June 2012  
UpWrite Press Writing eTips

“One of the really bad things you can do to your writing is to dress up the vocabulary, looking for long words because you're a little bit ashamed of your short ones.”

—Stephen King

Word Pair of the Month: stationary, stationery

Ah, the havoc one little letter can wreak! In this month’s pair, whether you spell the ending with an a or an e makes a big difference.

Stationary with an “a” is an adjective that means “unmoving.” Here is an example that uses the word correctly: “During the hurricane, we lashed ourselves to a stationary post and hoped for the best.”

Stationery with an “e,” however, is a noun that refers to writing paper used for letters: “She purchased some elegant stationery to write a letter to the queen.” (Perhaps the e in “elegant” can help you remember the difference between this month’s words.)

June Writers’ Forum Question

What is your greatest inspiration—the one thing that pushes you to do, be, and act better; the driving force that motivates you and keeps you going no matter what?

We really enjoyed the following comment from Rosalind Hebert, a public information planner for the Houston-Galveston Area Council:

My greatest inspiration is to hear from my boss and my coworkers that my contribution at work is appreciated and has some value for them. Their need for what I do best is the driving force that motivates me and keeps me going no matter what. I love what I do and am happy to use that knowledge and experience to assist others in doing their best or in attaining their goals. I had excellent mentors in high school and college, and I want to be a mentor that someone will remember long after they have achieved success at whatever they do best.

Many respondents wrote that their families were their greatest inspiration. Denise Cho of Chicago said it best:

After my divorce, I felt like just sinking into a hole. But my daughter needed me, and she needed a life that only I could provide. So I had to step up and keep moving, one foot at a time. Because she trusted I would take care of her, I had to do it. She needed more than just a roof and food. She also needed a role model to say, “This is what you do when life turns sour.” I took some classes, got my degree, and landed a good job. By doing it for her, I also did it for me.

Don Giraldi of Bayonne, New Jersey, also wrote about family:

My inspiration comes from a photo of my grandfather that I have on my desk. He’s eight years old, standing on the dock at Ellis Island, and he’s just arrived from Italy…all by himself. I can only imagine the fear he must have felt, yet he did it. When I feel frustrated in my job, I look at that photo and think, “If he could do that, I can do this.”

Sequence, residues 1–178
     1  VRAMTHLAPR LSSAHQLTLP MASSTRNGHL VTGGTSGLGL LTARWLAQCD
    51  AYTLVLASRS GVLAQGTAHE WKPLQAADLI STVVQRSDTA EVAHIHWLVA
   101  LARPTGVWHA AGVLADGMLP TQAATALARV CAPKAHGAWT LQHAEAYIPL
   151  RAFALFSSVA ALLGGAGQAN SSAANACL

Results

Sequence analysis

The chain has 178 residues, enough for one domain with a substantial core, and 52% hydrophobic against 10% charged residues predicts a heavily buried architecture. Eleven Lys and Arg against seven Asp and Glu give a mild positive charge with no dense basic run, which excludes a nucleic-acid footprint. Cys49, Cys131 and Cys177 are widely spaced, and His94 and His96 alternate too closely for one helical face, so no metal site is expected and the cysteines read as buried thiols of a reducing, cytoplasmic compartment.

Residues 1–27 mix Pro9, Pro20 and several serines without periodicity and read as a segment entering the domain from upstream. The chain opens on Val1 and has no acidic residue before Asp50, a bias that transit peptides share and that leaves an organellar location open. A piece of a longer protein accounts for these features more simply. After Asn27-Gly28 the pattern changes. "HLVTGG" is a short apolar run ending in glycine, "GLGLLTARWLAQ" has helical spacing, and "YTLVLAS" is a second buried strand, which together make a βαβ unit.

Kyle DeMuth of Charleston, South Carolina, is quite straightforward about what keeps him going:

My inspiration? Let’s be blunt: I want money. Don’t we all, to some extent? I come by this naturally—we were dirt poor when I was a kid, and, like Scarlet O’Hara in Gone with the Wind, I swore I’d “never be hungry again.” But before you condemn me for being crass, let me explain. I’m not a Scrooge, hoarding money for money’s sake. I want to use it to protect my family, to take care of my aging parents, to be able to give freely to charitable organizations, to do all the things that money allows you to do in this world. That’s my motivation—to be free to do good things. And what’s wrong with that?

A Final Thought

“As a man changes his own nature,” Mahatma Ghandi said, “so does the attitude of the world change towards him.” That’s a concept worth mulling over.

There’s an old story about a man walking down a road, and the Sun and the Wind are debating over who can get him to remove his coat. The Wind tries first, blowing fiercely, but the man just clutches his coat more tightly. Then the Sun tries, gently spreading warmth, and the man sheds his coat almost immediately.

Nobody likes a blowhard. In fact, the more quietly we exude confidence and helpfulness, the more likely it is that others will open to us. Not only is this significant in our private lives, but it is also increasingly important for 21st century teamwork.

For more about the transformative nature of being helpful, you may be interested in “Three Words for Moving Forward” on the UpWrite Press blog. And of course, we would love to receive your comments on the subject—either on the blog or by email at contact@upwritepress.com.

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